Make it by Monday: DIY Cards for Every Occasion
Welcome to Make It By Monday, GOOD's weekly DIY feature in which we curate, demystify, and add our own tips for craft projects from around the web (and our apartments). This week: DIY your belated thank you cards.
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Killer Mike Electrifies at Bernie Sanders Rally: “Stay Confronting Bulls**t” The Run the Jewels rapper and activist invokes Martin Luther King, and becomes one of the candidate’s fiercest—and most effective—supporters.
Deaf Artist Shows Connection Between Sign Language and Music See how one deaf artist opens the world’s ears to her relationship with sound.
The Swedish King Thinks We Should Ban Baths Let’s get a little smelly to save the environment.
These Five Cities Will be Hurt the Most by Climate Change These are the five cities most likely to be affected by global warming.
If you have a bit more time, these personalized, hand-sewn cards from the wedding chicks are a lovely way to send a note. What would otherwise cost you a fortune in fancy monogrammed paper is easily DIYed with a needle, thread, and printed font. Cursive is the easiest for a continuous line of thread, but if you're looking to break up the letters, just sew on a piece of card stock, using the back of the card for longer stretches between each letter. Then, adhere the paper to a card so you don't see the messy backside.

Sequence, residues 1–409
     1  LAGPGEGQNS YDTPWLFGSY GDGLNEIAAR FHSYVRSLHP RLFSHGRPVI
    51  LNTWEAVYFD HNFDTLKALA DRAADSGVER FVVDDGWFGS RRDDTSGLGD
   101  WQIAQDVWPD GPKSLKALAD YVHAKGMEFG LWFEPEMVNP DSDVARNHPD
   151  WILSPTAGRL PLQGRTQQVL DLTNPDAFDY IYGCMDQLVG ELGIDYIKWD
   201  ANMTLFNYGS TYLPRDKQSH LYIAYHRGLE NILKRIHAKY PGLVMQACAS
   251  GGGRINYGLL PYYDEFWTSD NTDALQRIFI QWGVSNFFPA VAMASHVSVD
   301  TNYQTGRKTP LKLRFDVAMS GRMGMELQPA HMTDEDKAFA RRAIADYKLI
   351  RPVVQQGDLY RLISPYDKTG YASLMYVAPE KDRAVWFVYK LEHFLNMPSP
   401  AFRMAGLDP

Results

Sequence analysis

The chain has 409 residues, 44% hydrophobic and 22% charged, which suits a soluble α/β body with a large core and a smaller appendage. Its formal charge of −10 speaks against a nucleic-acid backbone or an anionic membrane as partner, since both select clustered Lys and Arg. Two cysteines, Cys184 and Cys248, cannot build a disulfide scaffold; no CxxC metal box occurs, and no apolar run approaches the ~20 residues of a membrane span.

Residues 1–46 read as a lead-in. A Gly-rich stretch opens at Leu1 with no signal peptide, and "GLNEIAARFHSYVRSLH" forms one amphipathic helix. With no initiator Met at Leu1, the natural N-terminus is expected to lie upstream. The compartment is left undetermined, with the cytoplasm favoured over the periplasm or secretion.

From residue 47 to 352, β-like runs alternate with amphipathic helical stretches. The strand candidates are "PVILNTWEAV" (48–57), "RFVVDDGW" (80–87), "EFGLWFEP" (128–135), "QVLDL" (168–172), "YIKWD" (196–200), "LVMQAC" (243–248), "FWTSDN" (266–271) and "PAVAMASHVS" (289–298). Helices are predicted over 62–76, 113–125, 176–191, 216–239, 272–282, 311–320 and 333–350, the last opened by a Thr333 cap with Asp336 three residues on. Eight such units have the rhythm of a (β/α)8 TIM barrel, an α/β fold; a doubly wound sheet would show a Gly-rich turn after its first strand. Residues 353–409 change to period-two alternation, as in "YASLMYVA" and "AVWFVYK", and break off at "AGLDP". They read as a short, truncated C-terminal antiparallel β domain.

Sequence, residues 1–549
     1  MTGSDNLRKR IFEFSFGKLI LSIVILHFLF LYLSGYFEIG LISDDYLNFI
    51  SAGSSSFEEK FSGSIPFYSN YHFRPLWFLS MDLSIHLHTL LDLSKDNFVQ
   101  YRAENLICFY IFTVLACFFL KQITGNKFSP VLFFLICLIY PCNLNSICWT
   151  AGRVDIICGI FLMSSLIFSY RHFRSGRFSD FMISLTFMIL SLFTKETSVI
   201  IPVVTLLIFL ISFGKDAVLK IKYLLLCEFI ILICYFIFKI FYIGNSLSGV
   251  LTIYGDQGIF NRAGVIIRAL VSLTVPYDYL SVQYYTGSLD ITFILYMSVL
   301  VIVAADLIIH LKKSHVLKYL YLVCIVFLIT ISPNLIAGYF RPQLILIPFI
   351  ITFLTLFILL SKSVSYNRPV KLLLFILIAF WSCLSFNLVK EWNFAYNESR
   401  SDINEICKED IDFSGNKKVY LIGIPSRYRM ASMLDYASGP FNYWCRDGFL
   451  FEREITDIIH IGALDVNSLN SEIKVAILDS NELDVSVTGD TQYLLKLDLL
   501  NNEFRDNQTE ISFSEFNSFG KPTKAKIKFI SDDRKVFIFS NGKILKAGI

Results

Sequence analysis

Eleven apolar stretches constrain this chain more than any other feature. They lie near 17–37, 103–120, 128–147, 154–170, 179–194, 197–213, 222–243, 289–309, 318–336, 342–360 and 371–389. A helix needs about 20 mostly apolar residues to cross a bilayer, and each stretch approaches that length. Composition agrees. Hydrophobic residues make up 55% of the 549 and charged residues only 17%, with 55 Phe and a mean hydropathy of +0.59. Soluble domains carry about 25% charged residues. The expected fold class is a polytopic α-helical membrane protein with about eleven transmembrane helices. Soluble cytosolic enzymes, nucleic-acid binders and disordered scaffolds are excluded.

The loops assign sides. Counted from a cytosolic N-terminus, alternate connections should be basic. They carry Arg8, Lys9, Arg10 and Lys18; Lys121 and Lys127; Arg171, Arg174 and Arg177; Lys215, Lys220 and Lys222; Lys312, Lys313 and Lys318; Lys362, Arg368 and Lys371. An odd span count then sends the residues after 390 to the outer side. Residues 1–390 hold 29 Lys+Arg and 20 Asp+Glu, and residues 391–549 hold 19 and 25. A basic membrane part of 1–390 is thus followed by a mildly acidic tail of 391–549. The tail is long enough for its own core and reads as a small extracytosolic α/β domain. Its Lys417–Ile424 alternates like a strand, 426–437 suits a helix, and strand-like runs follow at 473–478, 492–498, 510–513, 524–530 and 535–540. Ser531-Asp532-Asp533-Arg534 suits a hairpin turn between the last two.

These celebratory flag cards from Whim and Wanderlust are a great way to say congrats. Use flannel, felt, or even old ties to get a mix of fabrics for your flags. Overzealous crafters shouldn't feel the need to stop at one row of flags—you can always add multiple rows to the inside of the card for a pop-up effect.
Watercolor looks good on paper, but not when you're trying to get a message across. With these watercolor cards from Oh, So Beautiful Paper, you can keep the watercolor look, but print out your message clearly with a customized stamp. These cards would be great as save-the-dates: The efficiency of mass production, with a touch of personalization.
For my project this week, I used a bit of chalkboard paint on some $1 bin cards I picked up at the store. I spray-painted both cards, then painted a gold border around one of them using a water-soluble paint. Chalkboard cards can be tricky, because you don't know how smudged your message will look after it's been through the mail, but they look great when you ship them off. Keep a couple on hand to tailor to any message you wish to send.